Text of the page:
2. Jäger, Ralf, et al. “Comparative absorption of curcumin formulations.” Nutrition journal 13.1 (2014): 11.
3. Amin, F., et al. “Clinical efficacy of the co-administration of Turmeric and Black seeds (Kalongi) in metabolic syndrome–A double blind randomized controlled trial–TAK-MetS trial.” Complementary therapies in medicine 23.2 (2015): 165-174.
4. Aggarwal, Bharat B., et al. “Curcumin‐free turmeric exhibits anti‐inflammatory and anticancer activities: Identification of novel components of turmeric.” Molecular nutrition & food research 57.9 (2013): 1529-1542.
5. Alrawaiq, Nadia Salem, and Azman Abdullah. “A review of flavonoid quercetin: metabolism, bioactivity and antioxidant properties.” International Journal of PharmTech Research 6.3 (2014): 933-941.
7. Sahebkar, Amirhossein. “Effects of quercetin supplementation on lipid profile: A systematic review and meta-analysis of randomized controlled trials.” Critical reviews in food science and nutrition 57.4 (2017): 666-676.
8. Yang, Feiya, et al. “Quercetin in prostate cancer: Chemotherapeutic and chemopreventive effects, mechanisms and clinical application potential (Review).” Oncology reports 33.6 (2015): 2659-2668.
9. Serban, Maria‐Corina, et al. “Effects of Quercetin on Blood Pressure: A Systematic Review and Meta‐Analysis of Randomized Controlled Trials.” Journal of the American Heart Association 5.7 (2016): e002713.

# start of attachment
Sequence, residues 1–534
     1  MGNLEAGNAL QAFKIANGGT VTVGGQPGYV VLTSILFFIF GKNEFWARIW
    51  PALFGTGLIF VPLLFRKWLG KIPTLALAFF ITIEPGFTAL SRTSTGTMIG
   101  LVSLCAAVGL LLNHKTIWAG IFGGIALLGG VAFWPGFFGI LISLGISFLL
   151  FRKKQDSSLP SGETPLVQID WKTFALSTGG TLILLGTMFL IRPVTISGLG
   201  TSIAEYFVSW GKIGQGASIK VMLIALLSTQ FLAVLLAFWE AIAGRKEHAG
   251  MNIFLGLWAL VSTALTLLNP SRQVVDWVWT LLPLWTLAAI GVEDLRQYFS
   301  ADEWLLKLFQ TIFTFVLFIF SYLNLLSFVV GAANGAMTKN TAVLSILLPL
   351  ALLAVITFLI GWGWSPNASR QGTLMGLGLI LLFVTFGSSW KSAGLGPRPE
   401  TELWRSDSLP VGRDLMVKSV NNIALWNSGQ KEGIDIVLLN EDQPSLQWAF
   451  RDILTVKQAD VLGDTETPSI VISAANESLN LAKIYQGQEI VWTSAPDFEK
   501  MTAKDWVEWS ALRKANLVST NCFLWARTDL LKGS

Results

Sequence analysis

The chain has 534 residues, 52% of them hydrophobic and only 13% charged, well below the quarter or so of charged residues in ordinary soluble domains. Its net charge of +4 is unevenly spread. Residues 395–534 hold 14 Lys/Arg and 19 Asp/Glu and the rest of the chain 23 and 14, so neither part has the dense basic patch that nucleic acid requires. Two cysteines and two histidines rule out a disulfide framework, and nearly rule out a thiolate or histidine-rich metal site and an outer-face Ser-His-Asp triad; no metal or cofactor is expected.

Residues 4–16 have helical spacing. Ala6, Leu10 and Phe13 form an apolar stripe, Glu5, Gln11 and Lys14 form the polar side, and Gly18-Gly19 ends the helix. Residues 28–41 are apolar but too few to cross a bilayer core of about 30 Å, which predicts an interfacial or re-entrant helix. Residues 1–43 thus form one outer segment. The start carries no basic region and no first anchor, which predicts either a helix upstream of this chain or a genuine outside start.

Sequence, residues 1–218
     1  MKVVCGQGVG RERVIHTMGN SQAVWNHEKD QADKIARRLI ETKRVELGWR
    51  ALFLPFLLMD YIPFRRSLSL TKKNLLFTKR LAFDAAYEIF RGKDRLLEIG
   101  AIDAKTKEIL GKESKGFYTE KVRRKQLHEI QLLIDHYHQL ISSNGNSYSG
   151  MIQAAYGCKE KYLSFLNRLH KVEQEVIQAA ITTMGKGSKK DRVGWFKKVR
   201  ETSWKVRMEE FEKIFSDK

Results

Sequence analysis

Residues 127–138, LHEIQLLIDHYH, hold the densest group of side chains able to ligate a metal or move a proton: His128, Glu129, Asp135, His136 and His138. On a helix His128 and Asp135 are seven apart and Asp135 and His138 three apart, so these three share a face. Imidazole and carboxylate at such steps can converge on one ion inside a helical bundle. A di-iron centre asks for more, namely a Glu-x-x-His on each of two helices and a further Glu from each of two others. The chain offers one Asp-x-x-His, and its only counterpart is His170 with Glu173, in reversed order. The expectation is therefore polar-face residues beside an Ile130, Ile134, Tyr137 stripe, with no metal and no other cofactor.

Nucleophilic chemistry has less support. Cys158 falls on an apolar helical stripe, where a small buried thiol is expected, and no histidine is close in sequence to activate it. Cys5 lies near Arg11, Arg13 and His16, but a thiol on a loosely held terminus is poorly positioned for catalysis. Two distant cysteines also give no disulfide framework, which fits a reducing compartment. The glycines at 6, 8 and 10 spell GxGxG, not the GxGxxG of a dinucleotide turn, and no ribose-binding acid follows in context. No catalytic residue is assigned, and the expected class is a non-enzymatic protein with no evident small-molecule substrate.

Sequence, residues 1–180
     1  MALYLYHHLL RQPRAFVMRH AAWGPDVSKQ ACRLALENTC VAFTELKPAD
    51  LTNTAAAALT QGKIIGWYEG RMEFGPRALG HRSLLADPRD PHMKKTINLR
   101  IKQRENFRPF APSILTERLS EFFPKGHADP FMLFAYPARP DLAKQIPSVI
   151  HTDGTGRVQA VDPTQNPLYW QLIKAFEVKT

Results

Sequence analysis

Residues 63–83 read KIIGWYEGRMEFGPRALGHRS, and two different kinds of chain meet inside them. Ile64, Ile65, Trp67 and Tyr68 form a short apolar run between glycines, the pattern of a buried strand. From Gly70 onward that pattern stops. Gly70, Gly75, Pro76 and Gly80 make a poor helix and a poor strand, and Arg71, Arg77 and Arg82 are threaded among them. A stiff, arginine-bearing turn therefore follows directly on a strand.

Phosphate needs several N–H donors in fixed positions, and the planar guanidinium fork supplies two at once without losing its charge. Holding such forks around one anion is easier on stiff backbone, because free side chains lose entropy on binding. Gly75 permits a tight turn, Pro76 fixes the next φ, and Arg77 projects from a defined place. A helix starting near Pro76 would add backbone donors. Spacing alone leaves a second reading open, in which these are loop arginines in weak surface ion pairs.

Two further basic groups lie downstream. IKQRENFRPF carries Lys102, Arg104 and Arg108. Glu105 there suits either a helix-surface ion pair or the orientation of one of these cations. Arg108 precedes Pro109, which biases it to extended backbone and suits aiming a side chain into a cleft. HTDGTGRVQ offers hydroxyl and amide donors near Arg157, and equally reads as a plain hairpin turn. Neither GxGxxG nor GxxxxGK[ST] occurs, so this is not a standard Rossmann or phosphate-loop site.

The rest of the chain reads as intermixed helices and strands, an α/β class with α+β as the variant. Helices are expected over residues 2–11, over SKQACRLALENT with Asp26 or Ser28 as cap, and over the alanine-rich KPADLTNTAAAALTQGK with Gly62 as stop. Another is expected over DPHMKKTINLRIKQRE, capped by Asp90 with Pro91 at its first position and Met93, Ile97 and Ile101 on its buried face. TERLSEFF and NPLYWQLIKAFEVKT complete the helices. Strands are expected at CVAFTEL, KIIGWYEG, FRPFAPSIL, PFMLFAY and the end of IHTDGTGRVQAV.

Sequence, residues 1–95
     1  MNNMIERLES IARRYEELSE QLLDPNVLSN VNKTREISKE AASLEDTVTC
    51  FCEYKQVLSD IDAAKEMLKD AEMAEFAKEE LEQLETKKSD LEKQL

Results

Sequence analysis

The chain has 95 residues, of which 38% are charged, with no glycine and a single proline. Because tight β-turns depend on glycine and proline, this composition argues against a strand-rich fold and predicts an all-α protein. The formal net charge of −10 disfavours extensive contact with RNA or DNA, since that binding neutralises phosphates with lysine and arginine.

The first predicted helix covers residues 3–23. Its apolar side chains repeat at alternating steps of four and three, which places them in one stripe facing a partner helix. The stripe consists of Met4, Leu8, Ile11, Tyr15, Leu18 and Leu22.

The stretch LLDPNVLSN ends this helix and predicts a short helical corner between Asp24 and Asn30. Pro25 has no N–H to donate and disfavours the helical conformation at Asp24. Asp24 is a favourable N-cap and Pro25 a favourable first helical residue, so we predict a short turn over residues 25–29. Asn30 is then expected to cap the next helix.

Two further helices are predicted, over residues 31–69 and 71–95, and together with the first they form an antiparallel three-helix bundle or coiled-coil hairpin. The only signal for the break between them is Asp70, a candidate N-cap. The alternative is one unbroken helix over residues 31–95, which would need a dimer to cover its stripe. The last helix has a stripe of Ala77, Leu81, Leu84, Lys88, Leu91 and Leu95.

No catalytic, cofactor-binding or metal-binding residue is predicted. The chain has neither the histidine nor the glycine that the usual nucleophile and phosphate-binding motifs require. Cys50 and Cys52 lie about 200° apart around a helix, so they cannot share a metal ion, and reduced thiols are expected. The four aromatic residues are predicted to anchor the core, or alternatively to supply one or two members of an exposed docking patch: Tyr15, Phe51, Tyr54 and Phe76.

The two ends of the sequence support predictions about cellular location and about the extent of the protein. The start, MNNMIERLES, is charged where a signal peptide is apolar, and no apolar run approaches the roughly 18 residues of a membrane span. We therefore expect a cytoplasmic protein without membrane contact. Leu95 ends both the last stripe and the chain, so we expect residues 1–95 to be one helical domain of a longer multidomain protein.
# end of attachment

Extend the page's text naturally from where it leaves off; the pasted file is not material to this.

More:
10. H Farzaei, Mohammad, Roja Rahimi, and Mohammad Abdollahi. “The role of dietary polyphenols in the management of inflammatory bowel disease.” Current pharmaceutical biotechnology 16.3 (2015):
11. Bhagwat, Seema, David B. Haytowitz, and Joanne M. Holden. “USDA database for the flavonoid content of selected foods, Release 3.1.” US Department of Agriculture: Beltsville, MD, USA (2014).
12.Habtemariam, S., and A. Belai. “Natural Therapies of the Inflammatory Bowel Disease: The Case of Rutin and its Aglycone, Quercetin.” Mini reviews in medicinal chemistry (2017).
13. Liaudanskas, Mindaugas, et al. “A comparative study of phenolic content in apple fruits.” International Journal of Food Properties 18.5 (2015): 945-953.
14. Radusiene, Jolita, et al. “Assessment of phenolic compound accumulation in two widespread goldenrods.” Industrial Crops and Products 63 (2015): 158-166.
15. Kwon, Ki Han, et al. “Dietary rutin, but not its aglycone quercetin, ameliorates dextran sulfate sodium-induced experimental colitis in mice: attenuation of pro-inflammatory gene expression.” Biochemical pharmacology 69.3 (2005): 395-406.
16. Habtemariam, S., and A. Belai. “Natural Therapies of the Inflammatory Bowel Disease: The Case of Rutin and its Aglycone, Quercetin.” Mini reviews in medicinal chemistry (2017).
17. Bone, Kerry, and Simon Mills. Principles and practice of phytotherapy: modern herbal medicine. Elsevier Health Sciences, 2013. Page 63